5 Reasons Why the Keystone Pipeline is Bad for the Economy by Brendan Smith
“…Here are 5 reasons why building the Keystone pipeline is bad for the economy — and workers…

urns out that 40 percent of U.S oil-industry jobs consist of minimum-wage work at gas stations. Instead of bankrolling an industry that is laying off workers and threatening our economic future, isn’t it time to take the billions in subsidies going to oil companies and invest instead in a sector that both creates jobs and protects the planet?…

…For example, the solar industry continues to be an engine of job growth — creating jobs six times faster than the overall job market. Research by the Solar Foundation shows a 13 percent growth in high-skilled solar jobs spanning installations, sales, marketing, manufacturing and software development — bringing total direct jobs to 119,000 in the sector. And according to the Political Economy Research Institute at the University of Massachusetts”“Amherst, investment in a green infrastructure program would create nearly four times as many jobs as an equal investment in oil and gas…”

-Learn from Past Pipelines

Secondary Negative Effects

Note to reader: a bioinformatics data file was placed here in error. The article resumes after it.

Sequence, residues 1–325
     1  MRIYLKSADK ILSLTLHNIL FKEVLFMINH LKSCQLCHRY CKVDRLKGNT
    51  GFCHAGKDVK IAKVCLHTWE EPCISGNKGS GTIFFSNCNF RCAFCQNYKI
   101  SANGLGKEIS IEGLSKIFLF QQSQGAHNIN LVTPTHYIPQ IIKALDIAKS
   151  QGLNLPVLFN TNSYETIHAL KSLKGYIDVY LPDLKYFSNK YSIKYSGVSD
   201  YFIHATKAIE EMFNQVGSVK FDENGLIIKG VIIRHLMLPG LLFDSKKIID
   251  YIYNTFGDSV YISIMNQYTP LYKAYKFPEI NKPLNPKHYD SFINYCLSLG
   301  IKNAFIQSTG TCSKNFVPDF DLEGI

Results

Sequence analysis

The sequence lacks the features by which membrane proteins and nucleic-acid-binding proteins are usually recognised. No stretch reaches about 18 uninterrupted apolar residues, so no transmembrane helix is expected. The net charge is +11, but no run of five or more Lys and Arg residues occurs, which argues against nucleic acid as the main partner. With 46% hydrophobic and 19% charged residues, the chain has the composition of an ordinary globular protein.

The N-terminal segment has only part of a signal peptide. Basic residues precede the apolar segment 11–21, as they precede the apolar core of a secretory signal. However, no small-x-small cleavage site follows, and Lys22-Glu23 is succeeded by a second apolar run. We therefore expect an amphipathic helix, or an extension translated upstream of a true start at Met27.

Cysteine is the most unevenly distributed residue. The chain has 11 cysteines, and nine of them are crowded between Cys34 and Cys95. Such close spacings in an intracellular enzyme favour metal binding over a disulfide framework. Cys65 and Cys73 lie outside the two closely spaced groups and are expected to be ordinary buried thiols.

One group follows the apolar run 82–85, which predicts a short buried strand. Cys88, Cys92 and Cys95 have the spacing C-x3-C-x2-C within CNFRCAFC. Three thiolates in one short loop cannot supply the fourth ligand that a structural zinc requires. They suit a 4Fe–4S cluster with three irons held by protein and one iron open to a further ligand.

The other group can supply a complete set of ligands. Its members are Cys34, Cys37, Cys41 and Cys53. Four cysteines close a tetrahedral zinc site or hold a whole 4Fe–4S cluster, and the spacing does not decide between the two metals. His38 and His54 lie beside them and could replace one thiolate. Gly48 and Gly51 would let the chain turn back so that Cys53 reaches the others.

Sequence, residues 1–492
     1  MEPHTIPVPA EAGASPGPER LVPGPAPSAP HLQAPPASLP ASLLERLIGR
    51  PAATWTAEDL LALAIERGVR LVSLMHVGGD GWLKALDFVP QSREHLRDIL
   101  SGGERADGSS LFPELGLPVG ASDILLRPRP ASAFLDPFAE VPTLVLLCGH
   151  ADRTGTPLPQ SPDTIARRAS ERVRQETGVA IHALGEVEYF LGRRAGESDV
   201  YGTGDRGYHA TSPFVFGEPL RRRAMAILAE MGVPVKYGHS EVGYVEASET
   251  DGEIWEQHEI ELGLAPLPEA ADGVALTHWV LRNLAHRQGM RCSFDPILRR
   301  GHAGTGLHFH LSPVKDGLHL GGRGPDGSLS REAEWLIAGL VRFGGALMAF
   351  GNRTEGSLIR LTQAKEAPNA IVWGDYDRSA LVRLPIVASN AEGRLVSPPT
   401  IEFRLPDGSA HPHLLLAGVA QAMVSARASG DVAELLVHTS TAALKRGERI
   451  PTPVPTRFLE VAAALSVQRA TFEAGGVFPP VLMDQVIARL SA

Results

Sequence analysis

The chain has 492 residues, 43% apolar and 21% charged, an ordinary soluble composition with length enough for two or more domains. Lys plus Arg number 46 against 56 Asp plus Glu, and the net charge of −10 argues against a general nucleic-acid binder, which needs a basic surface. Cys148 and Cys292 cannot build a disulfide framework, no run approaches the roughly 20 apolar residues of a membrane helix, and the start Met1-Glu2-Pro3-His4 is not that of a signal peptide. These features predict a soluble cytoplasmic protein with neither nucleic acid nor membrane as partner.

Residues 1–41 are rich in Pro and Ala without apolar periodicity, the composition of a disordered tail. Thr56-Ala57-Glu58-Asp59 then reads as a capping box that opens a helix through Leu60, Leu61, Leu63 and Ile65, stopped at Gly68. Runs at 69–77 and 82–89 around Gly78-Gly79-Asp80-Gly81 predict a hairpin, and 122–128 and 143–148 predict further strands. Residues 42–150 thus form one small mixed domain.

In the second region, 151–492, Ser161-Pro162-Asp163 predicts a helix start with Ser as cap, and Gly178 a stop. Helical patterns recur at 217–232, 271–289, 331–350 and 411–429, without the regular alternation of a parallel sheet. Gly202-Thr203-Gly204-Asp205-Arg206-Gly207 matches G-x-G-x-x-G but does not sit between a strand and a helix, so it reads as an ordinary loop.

“.. economy. They discovered what money was and what you could do with it. (Strohmeyer, 1993) The pipeline exposure and money caused much trouble in the balance of native villages as drugs entered the environment for the first time and so did the greed for money. Many young people left the older members of the villiage to go and live in the city, or pushed for changes in the old ways of the village. Many villages were ruined by this split caused by money. The construction of the pipeline had many negative effects on the social and economic structure of Alaska. It brought much crime and drugs to a relatively quiet Alaska. Also it disrupted many lives of Native Alaskan villages. Many of these problems were due to Alyeska’s effort to have the pipeline finished as quickly as possible at high costs. This rush also brought upon negative impacts when the pipeline began to start running. Between 1970 and 1986 there has been over three hundred spills of more than one hundred gallons of oil from the pipeline. Since 1977 over 10,000 meteric tons of crude oil has been lost. (Coates, 1991) Most of these spills are due to the rush job that Alyeska did to build the pipeline and their lack of management of the pipeline when it was running. Pumping stations lacked management and often equipment. Employees often lacked the proper training to work the machinery and safety was at the bottom of the importance list for Alyeska. Oil spill safety drills were considered jokes by employees and were never carried out properly. Former oil spill coordinator for Alyeska Jerry Nebel was quoted as saying “We knew exactly what was coming, where we were supposed to be, and we still messed it up. Drills were a farce, comic opera.” In a 1988 inventory of cleanup equipment conducted by Alyeska, half the emergency lights were missing. They were later found set up in preparation for Valdez’s winter carnival. The reason Alyeska could get away with such flagrant mismanagement was that there was no real punishment the government could administer besides shutting down the pipeline , which was never considered because of the money at stake that the pipeline provided. The sensitivity of the detection equipment was definitely not up to par for oil spills from the pipeline. Late in the seventy’s, 3,000 barrels of oil could leak out in one day from the pipeline and no instruments would pick it up. Also Alyeska only had one helicopter flight a day along the pipeline. After many spills and many complaints from environmental groups and the government, did Alyeska finally upgrade it’s detection system to pick up a 1000 barrel leak and had three helicopter flights a day along the pipeline. The biggest leaks along the pipeline happened June 1979 at Antigun Pass, which is the highest point along the pipeline route. The pipe sagged after the ground below thawed and 5,267 barrels of oil spilled into the Antigun River and headed north to the Beaufort Sea. There was another large leak at the 734 mile mark along the pipeline that was also a result from the thawing of the ground. (Coates, 1991) Another impact that the pipeline’s mismanagement had was in the area of air pollution…”